Saxman Jon Irabagon Goes Metal On Your Ass, Avant Style

Categories: DIY

Undoubtedly, Volume 2: Appalachian Haze is an in-your-face improv colossus and to call it epic -- it's one continuous, bloodthirsty track clocking in at an improbable 48 minutes -- would be an understatement. While the hip masses are compiling their ridiculous best of 2012 lists in early December, here now comes along Irabagon, Pride and Barr bringing arguably the ultimate melt of fire-breathing skronk-fest brawling, six-string finger-fucking virtuosity, ubiquitous percussive hooks and jabs and gale-force horn swagger that may only be rivaled by another recent massive face-rip record Barr appears on, BARR SHEA DAHL (ugEXPLODE).

Alas, for Iragabon, like its Don't Hear Nothin' But The Blues predecessor, the new Volume 2: Appalachian Haze was no easy sell. Hence, Irabaggast Records was hatched. "I couldn't get anyone to put out the first one, barely, and this one (with Mike and Mick) is even way more extreme," Irabagon says. "So it seemed like it was going to be a fruitless labor to try to send it out to a lot of labels and just have it denied. I was just ready to get the kind of comments, emails or letters back [saying] 'You know this is one fifty-minute track, right? You know I can't market this and I can't sell it?' But Mike and Mick and I believed in the recording so much so I was just like "You know what? This needs to come out one way or another. So, I just decided that it was time to see what would happen if I started my own label."

Pride, writing via email, is psyched about the collaboration. The versatile Brooklyn drummer helms jazz maestros From Bacteria to Boys, anchors experimental noisemakers The Spanish Donkey (with guitarist Joe Morris and keysmaster Jamie Saft) and also owns a deep background in punk and hardcore, has known Barr for fifteen years but playing together never came to fruition. Until now. "We had always talked about doing a project together and it never happened. We couldn't even get a jam together. But we have shared many bills together in that time. I have always been a fan of Mick's and I think Mick has always enjoyed my work. So, when I offered Mick the chance to play with Jon I at The Stone last year, he happily jumped in and knocked it out of the park. Now Mick and I are also working on a really strange duo project for tarr (an Aberganian lute) and percussion."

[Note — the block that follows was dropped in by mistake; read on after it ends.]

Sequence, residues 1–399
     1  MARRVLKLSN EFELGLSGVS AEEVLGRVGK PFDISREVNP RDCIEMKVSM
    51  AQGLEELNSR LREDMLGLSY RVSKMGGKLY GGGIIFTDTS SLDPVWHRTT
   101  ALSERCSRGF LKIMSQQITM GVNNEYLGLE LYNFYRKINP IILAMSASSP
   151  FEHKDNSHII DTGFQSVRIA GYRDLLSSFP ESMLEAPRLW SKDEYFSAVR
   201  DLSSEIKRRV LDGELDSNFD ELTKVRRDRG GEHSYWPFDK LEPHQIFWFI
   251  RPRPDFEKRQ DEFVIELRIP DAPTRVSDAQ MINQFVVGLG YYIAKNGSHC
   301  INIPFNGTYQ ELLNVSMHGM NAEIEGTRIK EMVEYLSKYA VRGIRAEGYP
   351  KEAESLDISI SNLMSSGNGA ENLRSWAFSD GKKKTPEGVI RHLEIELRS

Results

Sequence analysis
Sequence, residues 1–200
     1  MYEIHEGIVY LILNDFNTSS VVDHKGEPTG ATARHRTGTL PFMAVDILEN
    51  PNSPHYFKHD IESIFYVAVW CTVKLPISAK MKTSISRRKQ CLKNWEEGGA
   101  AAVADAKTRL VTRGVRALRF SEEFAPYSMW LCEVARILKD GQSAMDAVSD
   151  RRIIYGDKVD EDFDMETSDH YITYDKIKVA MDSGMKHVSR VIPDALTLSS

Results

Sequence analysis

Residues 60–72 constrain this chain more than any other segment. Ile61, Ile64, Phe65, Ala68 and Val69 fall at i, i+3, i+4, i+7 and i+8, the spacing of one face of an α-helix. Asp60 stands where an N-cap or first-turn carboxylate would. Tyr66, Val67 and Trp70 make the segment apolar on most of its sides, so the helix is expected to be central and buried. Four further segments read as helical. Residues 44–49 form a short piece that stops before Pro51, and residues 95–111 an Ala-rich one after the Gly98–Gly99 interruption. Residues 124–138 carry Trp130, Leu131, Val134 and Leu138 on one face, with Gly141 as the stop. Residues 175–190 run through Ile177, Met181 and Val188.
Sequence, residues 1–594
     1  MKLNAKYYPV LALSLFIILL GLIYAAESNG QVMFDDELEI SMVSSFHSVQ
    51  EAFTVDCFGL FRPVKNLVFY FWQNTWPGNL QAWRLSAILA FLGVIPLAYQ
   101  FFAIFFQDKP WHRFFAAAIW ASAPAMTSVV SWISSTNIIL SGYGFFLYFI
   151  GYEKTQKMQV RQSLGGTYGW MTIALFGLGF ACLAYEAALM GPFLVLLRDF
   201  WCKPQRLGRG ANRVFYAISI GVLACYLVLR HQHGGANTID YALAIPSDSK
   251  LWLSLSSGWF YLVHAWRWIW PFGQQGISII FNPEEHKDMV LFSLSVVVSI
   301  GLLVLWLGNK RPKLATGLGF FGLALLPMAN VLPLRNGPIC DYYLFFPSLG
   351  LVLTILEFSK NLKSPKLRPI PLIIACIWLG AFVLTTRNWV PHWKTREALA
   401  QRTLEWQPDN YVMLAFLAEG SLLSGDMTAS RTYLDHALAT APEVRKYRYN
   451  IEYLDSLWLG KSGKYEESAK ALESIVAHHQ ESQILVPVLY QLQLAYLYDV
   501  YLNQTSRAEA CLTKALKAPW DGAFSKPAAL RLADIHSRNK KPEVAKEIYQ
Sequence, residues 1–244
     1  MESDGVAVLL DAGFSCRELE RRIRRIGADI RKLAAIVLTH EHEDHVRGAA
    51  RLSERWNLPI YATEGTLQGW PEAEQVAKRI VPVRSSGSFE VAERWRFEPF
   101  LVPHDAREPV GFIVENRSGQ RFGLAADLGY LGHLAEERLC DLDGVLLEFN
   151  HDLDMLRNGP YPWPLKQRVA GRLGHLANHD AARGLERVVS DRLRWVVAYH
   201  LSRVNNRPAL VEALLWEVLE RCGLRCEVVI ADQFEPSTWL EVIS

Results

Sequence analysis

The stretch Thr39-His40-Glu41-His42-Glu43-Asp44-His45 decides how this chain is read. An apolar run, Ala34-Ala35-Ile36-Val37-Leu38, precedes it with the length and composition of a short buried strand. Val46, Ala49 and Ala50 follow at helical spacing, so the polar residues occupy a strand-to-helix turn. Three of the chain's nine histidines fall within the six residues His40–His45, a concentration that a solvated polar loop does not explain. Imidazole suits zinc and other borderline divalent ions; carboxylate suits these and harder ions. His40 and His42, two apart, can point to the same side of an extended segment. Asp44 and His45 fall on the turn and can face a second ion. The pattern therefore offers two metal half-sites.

As for the two records, Pride offers his take on its contrasting nuances. "I think the first record sounds all over the place--which is fine because that was one of the many goals. The new record sounds much more settled and consistent, sonically. Where the first record seemed uneasy to me, the new record seems like one long ecstatic meditation."

Barr, also checking in via email, is somewhat enthused when asked about Irabagon's "metal" pedigree. "Heh. He's not much of a 'metal dude,'" Barr writes.
"He's very open minded and eager to explore that world. But I definitely wouldn't want to pigeonhole him as a "jazz guy" either. That's just rude."

While Irabagon prepares for his Irabbagast Festival at Cornelia Street Café with label-launching performances by I Don't Hear Nothin' But The Blues, Outright! and his trio with Altschul and bassist Mark Helias, he's a bit bummed. Irabagon will be in his native Chicago when tech-metal magicians Behold The Arctopus play their record release show on December 15th at Saint Vitus. But he will definitely be in attendance at Dysrhythmia's show at the Greenpoint metal haunt on January 5th. "I love it, man," Irabagon says of Dysrhythmia. "I wish that there was a space for saxophone in some of those types of bands because I'd love to play in those things."

Jon Irabagon's Irabbagast Records Festival takes places at Cornelia Street Café. On Thursday, Irabagon plays with Barry Altschul and Mark Helias at 9pm and I Don't Hear Nothin' But The Blues plays at 1030pm; $10 cover plus $10 minimum.
On Friday, Irabagon's Outright! plays two sets at 9pm and 1030pm; $10 cover plus $10 minimum

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